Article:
Heidi Shaffer, Published September 15 2010
Friends recall Unhjem's community work
Unhjem, who was found dead by police on Monday afternoon at his Fargo home, served in major leadership positions at BCBS for 23 years before his dismissal in 2009 during a public uproar over lavish spending practices.
But it was his role in building BCBS as well as his contributions to other community organizations that he would have wanted to be remembered for, said Roger Reierson, Unhjem’s friend and president and CEO of Fargo’s Flint Communications.
“He would have wanted to be remembered as a man who gave a lot to North Dakota, who helped build a very successful organization … a man who really gave back,” Reierson said.
Many of Unhjem’s friends and family have been quiet about his death, but it’s being viewed as a suicide.
Police expect Unhjem’s preliminary autopsy results today but don’t suspect foul play.
Officers responded Monday to a call from Sanford Health asking police to check on a male who had missed a group meeting, according to the police dispatch report.
Reierson said at a lunch together a few weeks ago, Unhjem appeared upbeat and was excited about his new consulting business.
“I’m shocked over the way things turned out and puzzled over how it ended,” Reierson said.
Unhjem had a passion for making Blue Cross Blue Shield and Noridian a success, and leaving the organization behind was difficult, Reierson said.
“But he didn’t seem real bitter about it,” Reierson said.
BCBS released a statement Tuesday regarding Unhjem’s death.
“Our thoughts and prayers are with Mike’s family, and the many friends he had all across our state,” said the statement from Denise Kolpack, vice president of corporate communications.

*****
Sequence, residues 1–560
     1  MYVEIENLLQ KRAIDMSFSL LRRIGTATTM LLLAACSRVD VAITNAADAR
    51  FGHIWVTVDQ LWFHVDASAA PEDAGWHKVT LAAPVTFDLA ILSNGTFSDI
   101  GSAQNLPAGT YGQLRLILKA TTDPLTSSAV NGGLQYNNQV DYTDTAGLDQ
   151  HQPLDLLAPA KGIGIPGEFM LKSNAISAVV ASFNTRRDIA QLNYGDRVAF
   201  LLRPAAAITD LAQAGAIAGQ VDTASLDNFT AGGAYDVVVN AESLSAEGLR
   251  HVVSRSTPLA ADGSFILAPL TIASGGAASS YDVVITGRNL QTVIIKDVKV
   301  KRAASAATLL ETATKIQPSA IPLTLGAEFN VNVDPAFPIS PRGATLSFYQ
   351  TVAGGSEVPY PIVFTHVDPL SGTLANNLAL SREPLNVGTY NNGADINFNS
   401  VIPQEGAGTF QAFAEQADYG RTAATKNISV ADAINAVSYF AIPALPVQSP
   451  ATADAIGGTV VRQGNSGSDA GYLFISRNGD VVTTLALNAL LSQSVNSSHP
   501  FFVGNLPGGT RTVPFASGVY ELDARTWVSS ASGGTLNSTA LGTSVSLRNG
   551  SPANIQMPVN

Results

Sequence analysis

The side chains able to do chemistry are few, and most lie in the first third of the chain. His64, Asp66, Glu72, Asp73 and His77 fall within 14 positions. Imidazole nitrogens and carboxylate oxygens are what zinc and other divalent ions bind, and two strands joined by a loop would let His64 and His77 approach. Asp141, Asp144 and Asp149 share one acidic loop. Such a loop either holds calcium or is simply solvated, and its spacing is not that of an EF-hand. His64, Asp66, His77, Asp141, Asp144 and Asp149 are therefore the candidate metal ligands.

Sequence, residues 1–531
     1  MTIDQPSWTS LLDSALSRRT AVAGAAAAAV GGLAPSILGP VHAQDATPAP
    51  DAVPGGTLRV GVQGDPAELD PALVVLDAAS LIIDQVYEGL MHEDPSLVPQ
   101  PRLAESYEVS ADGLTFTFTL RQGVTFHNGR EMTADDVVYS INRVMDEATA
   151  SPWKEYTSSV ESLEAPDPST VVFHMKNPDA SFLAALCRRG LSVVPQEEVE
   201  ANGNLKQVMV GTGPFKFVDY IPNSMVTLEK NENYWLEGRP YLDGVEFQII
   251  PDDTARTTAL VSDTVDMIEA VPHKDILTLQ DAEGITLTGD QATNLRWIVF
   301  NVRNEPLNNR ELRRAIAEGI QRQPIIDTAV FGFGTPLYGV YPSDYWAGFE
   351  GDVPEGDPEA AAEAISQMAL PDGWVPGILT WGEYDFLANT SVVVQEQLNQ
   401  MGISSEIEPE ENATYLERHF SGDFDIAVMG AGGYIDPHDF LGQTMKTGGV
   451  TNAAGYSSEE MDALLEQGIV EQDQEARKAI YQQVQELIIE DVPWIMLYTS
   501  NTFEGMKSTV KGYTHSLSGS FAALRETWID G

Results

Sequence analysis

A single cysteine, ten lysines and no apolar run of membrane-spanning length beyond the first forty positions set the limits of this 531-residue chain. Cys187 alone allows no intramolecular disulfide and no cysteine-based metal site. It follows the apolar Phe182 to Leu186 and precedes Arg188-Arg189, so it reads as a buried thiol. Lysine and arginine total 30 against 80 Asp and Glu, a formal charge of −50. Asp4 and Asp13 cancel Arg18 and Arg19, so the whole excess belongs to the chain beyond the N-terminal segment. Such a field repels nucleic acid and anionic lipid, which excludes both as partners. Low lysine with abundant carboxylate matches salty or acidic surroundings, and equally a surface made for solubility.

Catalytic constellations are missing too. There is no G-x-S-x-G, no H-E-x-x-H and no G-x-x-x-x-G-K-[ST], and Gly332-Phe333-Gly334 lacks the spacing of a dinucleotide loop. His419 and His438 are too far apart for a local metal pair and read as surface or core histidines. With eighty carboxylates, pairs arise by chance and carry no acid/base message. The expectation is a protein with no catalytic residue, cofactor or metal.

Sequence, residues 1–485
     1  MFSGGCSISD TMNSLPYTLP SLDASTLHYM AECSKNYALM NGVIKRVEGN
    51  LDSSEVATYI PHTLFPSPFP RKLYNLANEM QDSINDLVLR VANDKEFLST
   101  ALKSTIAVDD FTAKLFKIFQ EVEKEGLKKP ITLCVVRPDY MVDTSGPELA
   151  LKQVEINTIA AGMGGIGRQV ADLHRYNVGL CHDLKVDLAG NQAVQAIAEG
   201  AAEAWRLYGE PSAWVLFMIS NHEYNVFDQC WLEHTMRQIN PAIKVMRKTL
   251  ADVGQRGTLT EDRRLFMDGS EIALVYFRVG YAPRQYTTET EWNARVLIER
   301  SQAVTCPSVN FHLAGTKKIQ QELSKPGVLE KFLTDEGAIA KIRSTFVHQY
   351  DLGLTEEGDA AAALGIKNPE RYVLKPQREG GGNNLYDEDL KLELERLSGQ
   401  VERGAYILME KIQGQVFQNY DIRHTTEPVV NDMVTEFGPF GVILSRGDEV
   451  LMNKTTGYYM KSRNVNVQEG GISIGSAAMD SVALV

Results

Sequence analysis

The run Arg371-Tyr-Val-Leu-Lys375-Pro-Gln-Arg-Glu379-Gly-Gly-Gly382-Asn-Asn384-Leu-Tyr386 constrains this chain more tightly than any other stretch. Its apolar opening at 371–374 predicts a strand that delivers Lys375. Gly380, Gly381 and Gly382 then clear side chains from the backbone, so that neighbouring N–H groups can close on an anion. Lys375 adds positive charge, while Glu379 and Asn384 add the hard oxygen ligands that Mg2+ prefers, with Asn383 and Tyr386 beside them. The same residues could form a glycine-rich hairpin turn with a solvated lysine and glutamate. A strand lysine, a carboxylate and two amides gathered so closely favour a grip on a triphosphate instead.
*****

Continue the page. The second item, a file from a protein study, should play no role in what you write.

“It was during his 23 years of service to our members and BCBSND that our company grew into one of the most successful insurance companies in the country.”
Beyond his career at the helm of BCBS, Unhjem was active in community arts and advocacy roles, and in 1974 became the youngest person ever elected to the North Dakota Legislature.
Unhjem volunteered in several capacities for the United Way of Cass-Clay starting in 1994 and most recently served on a search committee for the organization’s new executive director. He was named chairman of the UWCC board in 2008.
Current board Chairman Jeff Slaby said Unhjem’s unconventional approach to planning and ideas is something that will be missed.
“We’re losing an original thinker, someone who challenges us to look in different directions and consider all options,” Slaby said.
Unhjem was most actively involved in Mental Health America, serving as chairman of the national chapter in 1988.
As a state legislator through the ’70s and ’80s, Unhjem sought specific legislation for those dealing with mental illness, said Susan Helgeland, executive director of MHA of North Dakota.
“I would call him an advocate for people with mental illness and substance abuse,” she said.
The group is designing an advocacy award to be given in his name at its Oct. 28 statewide meeting in Bismarck, Helgeland said.
“He gave us all a lot of himself and his dedication and passion for our cause,” she said.
Readers can reach Forum reporter Heidi Shaffer at (701) 241-5511